When Should Certain Legal Complaints be Made Public?

Dermatology Times, Dermatology Times, December 2021 (Vol. 42. No. 12), Volume 42, Issue 12
Pages: 7

In this month's Legal Eagle column, David J. Goldberg, MD, JD, discusses why sexual assault complaints must be made public, even if the defendant is found not guilty.

Dr Love is a pillar of the dermatologic community. She has practiced in her small rural town for 10 years; her patients love her, and her peers respect her. She is active in community services, considers herself a religious person, and has never been the recipient of a legal complaint.

Thus, she is devastated when she receives a summons from the state board of medical examiners. A patient she does not remember has filed a formal complaint against Love, alleging that she unlawfully and inappropriately touched her patient while performing a full-body skin cancer examination. The patient is a well-known community activist and states in her complaint that it is time to root out people like Love. If found guilty, Love could lose her license to practice medicine and be forced to serve prison time.

Love hires an attorney, and legal counsel assures her that she will be defended appropriately. Because of her sterling reputation, Love hopes she will not be found guilty.

In the process of considering the complaint, the state medical board noticed that
a prescription previously had been written for the same patient, but nothing in the records suggested the reason. The presiding administrative judge felt that the embittered patient’s complaint was full of inconsistencies and exaggerations.

However, the judge also felt that because of her embarrassment and anxiety over the fallacious sexual assault claim, Love had changed her story as time evolved. In the end, the sexual assault charge was fully dismissed. Love received a reprimand for failing to keep proper records. Her attorney assured her that the reprimand would have no impact on her standing in the community.

Several months later, in accordance with policies stated on its website, the medical board published the full text of the initial statement of charges, determinations, and final order against Love. The text on the publicly accessible website contained the initial complaint of sexual assault.

Love was upset. She asked her attorney whether doctors, who have a well-recognized right to confidentiality during a medical disciplinary proceeding, lose that right even when the legal proceedings conclude with a not guilty verdict. Love understood that the claim of improper medical records would be made public. However, she asked, shouldn’t the dismissed claim of sexual assault be kept out of the public domain?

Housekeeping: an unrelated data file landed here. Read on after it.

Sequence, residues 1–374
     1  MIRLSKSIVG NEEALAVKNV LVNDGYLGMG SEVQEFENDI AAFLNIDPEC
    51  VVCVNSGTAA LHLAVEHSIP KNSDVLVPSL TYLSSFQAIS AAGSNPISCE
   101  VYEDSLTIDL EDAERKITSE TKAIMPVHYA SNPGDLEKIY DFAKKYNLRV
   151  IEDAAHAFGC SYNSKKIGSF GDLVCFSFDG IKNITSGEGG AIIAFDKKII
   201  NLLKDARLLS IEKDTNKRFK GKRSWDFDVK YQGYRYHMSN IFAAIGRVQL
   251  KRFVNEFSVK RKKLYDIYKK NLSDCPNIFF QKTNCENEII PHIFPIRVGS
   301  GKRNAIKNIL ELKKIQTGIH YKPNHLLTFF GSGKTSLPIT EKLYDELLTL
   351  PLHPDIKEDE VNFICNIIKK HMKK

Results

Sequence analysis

In a similar case in New York, the court noted that accepted law reflects a policy of keeping health care professional disciplinary proceedings confidential until they conclude with a finding of not guilty. The court noted that this policy was put in place to protect both the complainant patient and the defendant physician. The court determined that the only time a breach in confidentiality is warranted is when a physician disciplinary board orders the “annulment, suspension without stay, or revocation of the licensee’s license.”

In the New York case and that of Love, only a reprimand was issued. Therefore, the state medical board had no right to publish any comment regarding the alleged assault crime.

The court also addressed the state medical board’s assertion that it had the discretionary authority to publish any physician profiles on its website. The court acknowledged that such discretion had been granted to the state medical board. However, the discretion was not without some limitation. For example, the state medical board would be prohibited from publishing criminal “not guilty” verdicts and professional disciplinary matters that are otherwise required to be kept confidential, including pending and dismissed malpractice actions.

Love should have expected that, in many jurisdictions, her reprimand would be made public as more medical board websites list legal action against doctors. However, she was correct in her assumption that the sexual assault charge, to which she was found innocent, should not be made public.